Tag Archives: childhood

Hit House

“Yes, that’s it. Guys, I just want you to pay attention here, okay?”

It was Saturday morning and I was in practice with the junior dance company. I was 11 years old, in a room with girls ranging from 10 to 14 along with my dance teacher, Mark.

I stood with my back to the mirror, a short distance away from the barre. A couple of fellow dancers to my left, Mark to my right. Hands lightly on my hips, I pulsed my ribcage so my chest stuck out and my back curved. Then I showed the girls what the move looked like when I pulsed my ribcage inwards, sucking my belly in to meet my back, chest sinking. Mark laughed, “That’s exactly right.” Continue reading

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Emma’s First Florida Christmas

(Note: If you are new to my blog, read these two stories first; Slow Pirouette for the Dancing Girl and The Baby Powder Incident.)

Caption: Christmas with my first foster mother, 1 year old.

Caption: Christmas with my first foster mother, 1 year old.

Caption: Christmas with my first foster mother, 1 year old.

Twenty years ago this Christmas, I had recently moved to live with my grandparents in Florida. I left my foster home with Pearl in Boston with just the clothes I had on. I arrived at a house on the water with gardenia bushes out back with no toys and nothing to wear. I was starting over in the Sunshine State. I turned eight the month before Christmas. Continue reading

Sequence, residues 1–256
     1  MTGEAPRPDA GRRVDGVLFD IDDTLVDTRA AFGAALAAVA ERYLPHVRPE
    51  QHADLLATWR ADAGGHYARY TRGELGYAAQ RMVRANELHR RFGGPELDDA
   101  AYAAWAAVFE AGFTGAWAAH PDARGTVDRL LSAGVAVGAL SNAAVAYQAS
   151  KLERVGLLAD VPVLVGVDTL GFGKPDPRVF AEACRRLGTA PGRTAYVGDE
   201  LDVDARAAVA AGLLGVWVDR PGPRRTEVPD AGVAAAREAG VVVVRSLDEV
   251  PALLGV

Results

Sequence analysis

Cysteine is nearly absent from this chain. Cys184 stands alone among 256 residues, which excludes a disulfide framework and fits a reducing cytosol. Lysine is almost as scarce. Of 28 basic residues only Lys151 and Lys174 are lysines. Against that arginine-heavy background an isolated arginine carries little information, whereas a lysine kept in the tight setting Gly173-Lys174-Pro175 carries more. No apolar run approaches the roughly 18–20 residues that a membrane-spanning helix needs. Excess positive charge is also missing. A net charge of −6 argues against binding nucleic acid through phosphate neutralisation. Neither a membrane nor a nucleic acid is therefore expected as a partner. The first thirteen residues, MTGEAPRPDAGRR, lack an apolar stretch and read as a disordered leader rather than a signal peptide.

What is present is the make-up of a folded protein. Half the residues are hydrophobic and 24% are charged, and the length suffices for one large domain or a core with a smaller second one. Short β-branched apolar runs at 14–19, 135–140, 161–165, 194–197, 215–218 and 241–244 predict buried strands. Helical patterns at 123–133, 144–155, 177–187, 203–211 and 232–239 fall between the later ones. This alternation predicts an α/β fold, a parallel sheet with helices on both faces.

The Importance of Being (John) Ernest

Prof. John Ernest with me and Kristin at our college graduation

Prof. John Ernest with me and Kristin at our college graduation

I went to college with a mission: I wanted to learn more about Being Black. Problem was, $10,000 of my scholarship money for New York University had fallen through on the day of my high school graduation. I wouldn’t be attending school in the diverse Mecca-lekka-hiney-bro Melting Pot known as NYC.

Nope. The University of New Hampshire would be hosting my education in Being Black. It was as unlikely a place as one could find for increasing cultural awareness. There were 78 Black students out of 13,000. If you were counting me, there were only 77.5 Black students. We do what we can with what we have, though, and what I had was a course catalogue listing a 500-level course for Introduction to African-American Literature.

Any time I’ve ever wanted to understand anything, I’ve turned to books. From cooking to interior design to tarot card reading, if there was anything I’ve wanted to understand, I just buried myself in every chapter and verse I could get my hands on. I thought if I could read about other Black people, their history, what they had been through . . . maybe I would understand a little bit more about myself. Continue reading